EPA Blasted for Dangerous Human Experiments to Advance Agenda

The Environmental Protection Agency is under attack from all sides yet again, this time for conducting dangerous and potentially even deadly experiments on unwitting human test subjects in what analysts say was a transparent bid to advance the Obama administration’s radical agenda by executive decree. The explosive findings, unveiled in a recently released internal EPA report, show that the increasingly out-of-control agency exposed vulnerable people to wildly high levels of possibly fatal pollutants without even warning them of the risks. The purpose: justifying more regulations.

According to an EPA inspector general report about the controversial experiments, the lawless agency, itself created by an unconstitutional executive order, conducted what critics and lawmakers say were deeply unethical tests from 2010 to 2011. Among the greatest concerns is the fact that the experiments were targeting elderly Americans and individuals with serious health problems such as asthma or heart issues. Children have also been subject to such tests, according to news reports.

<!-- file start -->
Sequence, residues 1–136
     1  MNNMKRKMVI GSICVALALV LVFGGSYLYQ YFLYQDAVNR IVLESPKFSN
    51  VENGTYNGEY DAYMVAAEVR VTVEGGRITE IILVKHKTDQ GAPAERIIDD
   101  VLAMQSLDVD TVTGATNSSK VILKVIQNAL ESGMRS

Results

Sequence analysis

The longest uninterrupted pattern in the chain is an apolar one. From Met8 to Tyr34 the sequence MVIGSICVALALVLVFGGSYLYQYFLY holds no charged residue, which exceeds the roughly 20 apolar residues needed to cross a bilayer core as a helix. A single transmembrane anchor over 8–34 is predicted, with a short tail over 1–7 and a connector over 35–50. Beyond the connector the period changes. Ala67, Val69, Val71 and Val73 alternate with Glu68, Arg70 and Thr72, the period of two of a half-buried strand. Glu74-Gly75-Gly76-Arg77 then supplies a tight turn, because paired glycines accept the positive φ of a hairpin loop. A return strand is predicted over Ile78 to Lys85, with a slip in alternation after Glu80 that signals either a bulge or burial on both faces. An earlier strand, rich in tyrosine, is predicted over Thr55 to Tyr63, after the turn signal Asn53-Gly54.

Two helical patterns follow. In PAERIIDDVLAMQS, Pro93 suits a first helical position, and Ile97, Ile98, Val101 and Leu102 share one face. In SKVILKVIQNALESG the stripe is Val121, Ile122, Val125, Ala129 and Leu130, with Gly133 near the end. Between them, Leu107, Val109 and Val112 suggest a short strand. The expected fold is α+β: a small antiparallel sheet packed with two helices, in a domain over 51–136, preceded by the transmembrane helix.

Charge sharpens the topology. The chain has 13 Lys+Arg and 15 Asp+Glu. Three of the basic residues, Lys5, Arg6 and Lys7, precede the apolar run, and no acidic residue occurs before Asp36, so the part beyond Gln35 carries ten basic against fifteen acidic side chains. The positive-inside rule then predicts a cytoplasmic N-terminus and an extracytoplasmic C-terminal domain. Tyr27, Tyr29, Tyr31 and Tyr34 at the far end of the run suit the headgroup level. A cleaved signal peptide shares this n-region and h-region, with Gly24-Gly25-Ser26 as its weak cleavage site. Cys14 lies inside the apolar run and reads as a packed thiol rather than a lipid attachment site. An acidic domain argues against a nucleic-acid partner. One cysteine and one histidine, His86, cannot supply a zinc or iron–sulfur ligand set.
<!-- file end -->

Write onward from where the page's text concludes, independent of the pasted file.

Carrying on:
Perhaps even more alarming, though, according to critics, is that the EPA conducted the controversial tests without even informing most of its human “guinea pigs” about the potential dangers, which the agency says can include cancer or even death. “Evidence suggests that at least some human study subjects would like to know if a study involves risk of death, even if the risk is very small,” notes the inspector general report about the controversial experiments, prompted by congressional requests to investigate.

The internal document claims the agency followed “applicable regulations,” overall, but failed to fully inform all its human subjects of the possible risks on most of its consent forms. In most cases, the EPA also downplayed the severity of the exposure to concentrated diesel fumes and other pollution it was plotting to test on its subjects in dangerous levels. The more than 80 participants were paid between $950 and $3,700 by taxpayers.